Pity today’s mLearning developers. They already wear numerous hats just to do the essentials of their job. More hats than Don Draper. More hats than Pharrell Williams. More hats than TV shows on Netflix. Well, OK, that last one may be an exaggeration.
But the truth is that mLearning developers need to wear a lot of hats to do their jobs, and now they must wear a new hat, a QA engineer hat.
What is QA?
In some circles—particularly in the biopharmaceutical industry—quality assurance (QA) is defined as a verification of processes and quality control (QC) is a verification of products, which would make QA an inappropriate term for testing and verification of mLearning products.
However, in the software-development industry, QA engineers verify software products, and the software development world tracks very closely to the tasks and responsibilities for today’s mLearning developer. To ensure that their “product” works for their end-users, mLearning developers must QA test and validate their mLearning software applications.
While training professionals have always done “quality checks” of training courses through content reviews, dry runs, beta classes, and so on, the migration to eLearning and mLearning has increasingly changed this process to a software quality check. And the role that handles that task is now equivalent to that of a software QA engineer.
Why is this important?
The advent of eLearning pushed us into relatively simple QA testing because we needed to test for things such as multi-browser compatibility and proper behavior on a specific LMS. However, the landscape for today’s mLearning developer is much more complex, and testing needs to be much more thorough. Learners now have a plethora of hardware devices running many different operating systems and potential environments for mLearning applications, making it increasingly important to have a more formal QA testing and validation system.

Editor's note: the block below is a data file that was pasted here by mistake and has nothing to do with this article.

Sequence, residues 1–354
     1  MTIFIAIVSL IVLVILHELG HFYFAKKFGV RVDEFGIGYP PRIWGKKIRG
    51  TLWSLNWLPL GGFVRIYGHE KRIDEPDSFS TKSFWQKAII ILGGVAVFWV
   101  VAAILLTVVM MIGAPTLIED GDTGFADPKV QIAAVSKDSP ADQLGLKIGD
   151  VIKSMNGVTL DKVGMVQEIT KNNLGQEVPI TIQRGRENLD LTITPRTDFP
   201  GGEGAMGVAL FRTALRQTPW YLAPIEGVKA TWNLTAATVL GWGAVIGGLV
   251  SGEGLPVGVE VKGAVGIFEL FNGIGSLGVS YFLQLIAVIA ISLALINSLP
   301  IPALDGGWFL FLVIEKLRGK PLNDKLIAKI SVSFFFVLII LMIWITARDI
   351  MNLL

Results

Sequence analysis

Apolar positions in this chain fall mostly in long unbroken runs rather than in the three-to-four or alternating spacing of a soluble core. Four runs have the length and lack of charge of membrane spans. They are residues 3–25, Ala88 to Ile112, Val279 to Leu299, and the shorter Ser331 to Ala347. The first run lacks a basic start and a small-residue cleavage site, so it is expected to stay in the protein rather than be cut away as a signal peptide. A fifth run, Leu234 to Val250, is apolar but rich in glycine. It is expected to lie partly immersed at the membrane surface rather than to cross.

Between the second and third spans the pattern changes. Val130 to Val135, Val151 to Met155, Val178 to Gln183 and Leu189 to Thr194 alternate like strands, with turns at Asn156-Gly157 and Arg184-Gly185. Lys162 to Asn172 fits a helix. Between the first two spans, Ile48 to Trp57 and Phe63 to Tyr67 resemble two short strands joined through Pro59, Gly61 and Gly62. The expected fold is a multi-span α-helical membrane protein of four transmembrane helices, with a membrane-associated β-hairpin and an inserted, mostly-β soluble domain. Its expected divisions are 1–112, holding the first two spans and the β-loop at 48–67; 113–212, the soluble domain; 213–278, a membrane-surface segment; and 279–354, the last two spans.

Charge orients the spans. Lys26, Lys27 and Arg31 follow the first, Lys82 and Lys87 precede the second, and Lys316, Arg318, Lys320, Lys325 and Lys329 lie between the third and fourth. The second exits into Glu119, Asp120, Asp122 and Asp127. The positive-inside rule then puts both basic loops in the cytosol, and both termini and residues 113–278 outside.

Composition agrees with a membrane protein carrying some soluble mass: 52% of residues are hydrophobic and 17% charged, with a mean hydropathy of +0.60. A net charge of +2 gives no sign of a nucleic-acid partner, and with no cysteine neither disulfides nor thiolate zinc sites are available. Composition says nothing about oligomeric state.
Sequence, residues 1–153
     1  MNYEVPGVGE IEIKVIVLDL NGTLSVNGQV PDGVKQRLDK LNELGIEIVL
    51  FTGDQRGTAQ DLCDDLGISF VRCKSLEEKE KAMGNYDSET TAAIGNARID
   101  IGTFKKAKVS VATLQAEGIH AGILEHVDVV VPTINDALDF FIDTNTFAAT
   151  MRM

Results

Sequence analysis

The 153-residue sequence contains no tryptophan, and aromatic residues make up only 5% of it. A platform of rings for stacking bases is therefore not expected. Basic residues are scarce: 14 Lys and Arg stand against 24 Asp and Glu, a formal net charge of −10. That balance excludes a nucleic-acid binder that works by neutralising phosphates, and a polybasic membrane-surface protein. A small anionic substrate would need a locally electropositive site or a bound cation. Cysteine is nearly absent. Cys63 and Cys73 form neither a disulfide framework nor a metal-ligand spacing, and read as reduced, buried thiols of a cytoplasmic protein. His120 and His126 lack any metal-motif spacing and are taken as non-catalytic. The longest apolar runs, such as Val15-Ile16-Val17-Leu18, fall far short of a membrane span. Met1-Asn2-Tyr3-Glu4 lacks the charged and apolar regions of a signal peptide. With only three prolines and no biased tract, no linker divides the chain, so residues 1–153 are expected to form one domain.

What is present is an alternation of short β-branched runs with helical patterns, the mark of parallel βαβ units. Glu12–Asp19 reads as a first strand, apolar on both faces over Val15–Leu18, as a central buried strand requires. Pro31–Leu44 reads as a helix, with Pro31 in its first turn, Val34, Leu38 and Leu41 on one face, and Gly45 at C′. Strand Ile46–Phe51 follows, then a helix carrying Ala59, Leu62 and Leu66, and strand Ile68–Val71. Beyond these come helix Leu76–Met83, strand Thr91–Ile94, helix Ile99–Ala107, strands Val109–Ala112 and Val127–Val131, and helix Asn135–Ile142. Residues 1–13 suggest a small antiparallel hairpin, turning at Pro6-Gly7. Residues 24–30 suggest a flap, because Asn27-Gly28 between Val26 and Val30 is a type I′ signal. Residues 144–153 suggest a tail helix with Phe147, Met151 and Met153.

How can an mLearning developer possibly hope to test and validate with all of the potential variables that will be used by their audience? The answer lies in an organized QA testing strategy, and that begins with an effective working knowledge of QA testing concepts.
The Quality assurance framework
Let’s start by examining categories of QA testing that will help to organize our test strategy. There are three commonly accepted categories that are focus areas for testing.
- Functional testing: Tests that verify all technical functionality on all certified devices and platforms.
- Non-functional testing: Tests for non-functional areas such as performance, security, and the user interface.
- Acceptance testing: Tests and validation by subject-matter experts (SMEs) to determine whether the lesson meets content requirements for the target audience.
Of the three categories of testing, functional testing is definitely the most crucial to ensure success for an mLearning lesson. The “old school” approach to functional testing was for the course developer to run through the course and ensure it behaved properly on their own workstation. This is clearly insufficient for mLearning development and you must include additional steps.
First, developers can no longer handle this task on their own. It may be reasonable to expect developers to test on one desktop environment, one tablet device, and one smartphone. However, if you need to validate on more devices than that, the best strategy is to establish a QA testing team, and you should establish that team before the development process begins, not just before the testing process begins.
In addition, a formal, written QA test plan should be moved up from a nice-to-have to a requirement. There are many excellent templates for QA test plans on the web, but if you want to avoid the formalities, you should at least include:
- What features you are going to test
- What platforms and devices you are going to validate
- All clicks
- All audio
- All animations and transitions
- All hyperlinks, including all branching pathways
- All triggers, as applicable
- All variables, as applicable
- On current versions of Google Chrome, Internet Explorer, Mozilla Firefox, and Apple Safari
- On iPad 4 and Samsung Galaxy Tab 10.5
- On iPhone 6, Samsung Galaxy 5, and Windows Phone 8 or 8.1
You should also be aware of several other types of functional tests that you may need, depending on your content and audience. (And even if you never use these tests, it will help you as a professional to be familiar with what they are.)
- Load testing: Performance testing that identifies areas in the application that may cause unacceptable wait times for learners. Sophisticated tools are available for this testing, but an online stopwatch can often do the trick.
- Gorilla testing: Testing things that only a gorilla would do. For example, click the browser’s back and forward buttons to see what happens. Often requires a little creativity—but this can be a very fun exercise!